This phrase is ideal for contexts where the referral was more casual but still meaningful. It’s particularly useful in less formal industries or when you’ve not directly interacted with the referring individual but came to know of the recipient through them.

Hello Blake,

During a chat with Olivia Frost, your expertise in renewable energy was brought up. Mentioned by Olivia, I felt compelled to reach out and explore potential areas for collaboration.


Jordan Peel

5. Endorsed by

“Endorsed by” is significantly more formal than the original phrase and implies a strong, positive recommendation. This alternative is particularly professional and suggests that the person recommending you has a high degree of confidence in your abilities or services.

This alternative works best in scenarios where the referral comes with a high level of credibility and authority, such as academic recommendations, high-stakes projects, or when being introduced to a senior executive.

Dear Dr. Simmons,

I come to you with a proposal for an innovative research project. Endorsed by Professor Henry Gates, I believe my work could significantly contribute to your laboratory's objectives.


Sophia Chang

6. Forwarded by

Compared to “I was referred to you by,” “forwarded by” is more neutral in terms of formality. It’s polite and can be professional, indicating that your contact information or request was passed along by someone else. This phrase is particularly useful when the referral was made via email or digital means.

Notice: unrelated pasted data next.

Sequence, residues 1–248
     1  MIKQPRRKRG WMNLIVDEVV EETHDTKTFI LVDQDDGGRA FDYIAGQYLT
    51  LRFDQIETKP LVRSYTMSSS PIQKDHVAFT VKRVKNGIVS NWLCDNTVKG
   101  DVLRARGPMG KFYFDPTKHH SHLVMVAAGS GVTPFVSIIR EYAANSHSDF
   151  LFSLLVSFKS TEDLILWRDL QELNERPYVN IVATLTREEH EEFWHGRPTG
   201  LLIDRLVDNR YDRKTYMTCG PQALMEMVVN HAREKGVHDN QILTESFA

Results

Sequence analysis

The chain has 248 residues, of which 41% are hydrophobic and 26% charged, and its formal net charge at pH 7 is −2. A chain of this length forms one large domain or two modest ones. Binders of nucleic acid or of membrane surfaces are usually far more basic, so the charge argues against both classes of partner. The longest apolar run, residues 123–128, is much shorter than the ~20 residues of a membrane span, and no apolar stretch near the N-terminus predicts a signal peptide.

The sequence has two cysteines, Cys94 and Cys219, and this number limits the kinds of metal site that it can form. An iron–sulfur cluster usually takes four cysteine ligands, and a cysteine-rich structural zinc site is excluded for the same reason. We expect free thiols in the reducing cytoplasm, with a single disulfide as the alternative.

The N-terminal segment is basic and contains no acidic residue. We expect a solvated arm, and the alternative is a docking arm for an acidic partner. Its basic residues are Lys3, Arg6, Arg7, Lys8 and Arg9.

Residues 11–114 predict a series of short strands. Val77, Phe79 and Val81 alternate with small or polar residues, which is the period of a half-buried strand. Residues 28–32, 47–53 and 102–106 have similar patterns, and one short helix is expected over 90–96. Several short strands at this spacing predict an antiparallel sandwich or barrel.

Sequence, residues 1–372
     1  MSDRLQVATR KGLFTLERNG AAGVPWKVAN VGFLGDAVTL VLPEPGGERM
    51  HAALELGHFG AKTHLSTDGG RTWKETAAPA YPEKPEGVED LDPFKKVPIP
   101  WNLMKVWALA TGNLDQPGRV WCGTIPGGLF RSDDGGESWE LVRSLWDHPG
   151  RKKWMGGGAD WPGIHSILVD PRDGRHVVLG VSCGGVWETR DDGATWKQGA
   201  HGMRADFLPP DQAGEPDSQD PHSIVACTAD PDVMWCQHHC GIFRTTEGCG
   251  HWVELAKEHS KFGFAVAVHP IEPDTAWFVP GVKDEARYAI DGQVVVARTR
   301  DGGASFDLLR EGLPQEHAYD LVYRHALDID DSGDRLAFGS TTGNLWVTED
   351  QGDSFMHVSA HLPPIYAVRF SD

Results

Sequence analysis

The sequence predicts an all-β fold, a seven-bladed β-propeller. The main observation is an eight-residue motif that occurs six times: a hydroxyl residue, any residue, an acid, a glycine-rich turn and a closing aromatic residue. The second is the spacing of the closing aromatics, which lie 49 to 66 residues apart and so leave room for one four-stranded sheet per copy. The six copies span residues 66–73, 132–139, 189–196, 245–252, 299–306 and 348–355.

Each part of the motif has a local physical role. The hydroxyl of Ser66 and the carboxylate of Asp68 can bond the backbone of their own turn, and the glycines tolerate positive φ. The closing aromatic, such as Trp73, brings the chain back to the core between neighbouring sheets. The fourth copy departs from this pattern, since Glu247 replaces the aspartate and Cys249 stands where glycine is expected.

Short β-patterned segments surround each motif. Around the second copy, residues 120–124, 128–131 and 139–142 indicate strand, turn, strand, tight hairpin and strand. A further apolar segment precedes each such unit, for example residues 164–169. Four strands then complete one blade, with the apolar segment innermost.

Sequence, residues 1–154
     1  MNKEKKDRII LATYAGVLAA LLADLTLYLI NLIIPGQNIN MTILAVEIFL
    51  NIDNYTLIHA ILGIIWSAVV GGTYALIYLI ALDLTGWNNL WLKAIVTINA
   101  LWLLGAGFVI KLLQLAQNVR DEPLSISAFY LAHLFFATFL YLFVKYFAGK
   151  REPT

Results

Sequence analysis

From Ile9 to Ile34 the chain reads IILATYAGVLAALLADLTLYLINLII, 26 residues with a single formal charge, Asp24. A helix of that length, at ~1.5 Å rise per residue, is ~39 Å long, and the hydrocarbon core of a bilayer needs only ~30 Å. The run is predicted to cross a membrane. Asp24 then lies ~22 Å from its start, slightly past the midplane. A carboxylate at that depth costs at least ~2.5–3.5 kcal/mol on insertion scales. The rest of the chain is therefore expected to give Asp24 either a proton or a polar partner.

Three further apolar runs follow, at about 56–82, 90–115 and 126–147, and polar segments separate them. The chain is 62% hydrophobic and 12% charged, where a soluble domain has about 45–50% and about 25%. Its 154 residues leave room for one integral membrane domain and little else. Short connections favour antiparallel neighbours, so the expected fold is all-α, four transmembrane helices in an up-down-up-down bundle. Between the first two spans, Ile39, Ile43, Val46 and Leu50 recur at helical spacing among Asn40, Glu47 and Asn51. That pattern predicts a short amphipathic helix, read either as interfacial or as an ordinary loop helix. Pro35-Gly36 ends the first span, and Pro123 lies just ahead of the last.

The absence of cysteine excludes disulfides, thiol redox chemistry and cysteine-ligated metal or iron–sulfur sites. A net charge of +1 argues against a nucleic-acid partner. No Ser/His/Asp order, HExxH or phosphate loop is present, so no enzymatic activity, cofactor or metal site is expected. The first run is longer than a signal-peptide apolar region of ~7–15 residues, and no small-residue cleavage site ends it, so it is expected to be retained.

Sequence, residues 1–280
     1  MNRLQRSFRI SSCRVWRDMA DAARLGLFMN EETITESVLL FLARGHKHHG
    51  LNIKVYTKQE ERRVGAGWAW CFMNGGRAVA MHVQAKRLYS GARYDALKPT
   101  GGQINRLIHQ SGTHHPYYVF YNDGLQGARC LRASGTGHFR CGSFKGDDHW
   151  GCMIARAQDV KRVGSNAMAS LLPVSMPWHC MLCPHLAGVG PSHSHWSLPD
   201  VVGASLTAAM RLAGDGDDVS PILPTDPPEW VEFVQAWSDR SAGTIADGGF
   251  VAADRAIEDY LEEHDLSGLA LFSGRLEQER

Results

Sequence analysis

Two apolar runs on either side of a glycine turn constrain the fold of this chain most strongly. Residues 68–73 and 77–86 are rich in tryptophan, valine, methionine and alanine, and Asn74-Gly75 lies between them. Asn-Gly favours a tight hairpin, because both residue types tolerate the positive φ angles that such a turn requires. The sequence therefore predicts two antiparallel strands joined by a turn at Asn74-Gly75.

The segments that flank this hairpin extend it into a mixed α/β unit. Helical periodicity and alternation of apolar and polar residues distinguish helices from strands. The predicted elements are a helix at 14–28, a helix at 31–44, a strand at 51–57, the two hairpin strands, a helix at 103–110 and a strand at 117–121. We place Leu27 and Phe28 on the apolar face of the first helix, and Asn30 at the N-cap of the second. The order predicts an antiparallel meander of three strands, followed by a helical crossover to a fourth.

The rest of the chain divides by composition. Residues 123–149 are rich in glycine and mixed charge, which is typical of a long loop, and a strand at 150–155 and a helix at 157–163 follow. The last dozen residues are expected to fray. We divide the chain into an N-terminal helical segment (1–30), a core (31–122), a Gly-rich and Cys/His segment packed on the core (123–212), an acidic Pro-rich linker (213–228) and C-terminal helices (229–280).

Use this alternative when the communication has been initiated through a third party, especially in a digital format. It’s suitable for situations where an email introduction or an online connection kick-started the interaction.

Hello Zoe,

Your contact details were forwarded by Chris Park, who suggested you might be the right person to help with our website redesign.

Kind regards,

Miguel Sanchez

7. Connected by

“Connected by” showcases a modern, slightly informal but still professional approach. It implies a networking action that brought you together with the recipient, suitable for both in-person and online connections. This alternative highlights the act of being brought into contact rather than a strong endorsement.

This phrase is great for cases where networking events or online platforms led to the referral. It suits both casual and professional environments, particularly in industries where networking plays a key role.

Dear Dr. Morgan,

I'm reaching out regarding your work in sustainable urban development. We were connected by Laura Jennings at last month's Green Cities Symposium.


Evan Walsh

8. Pointed out by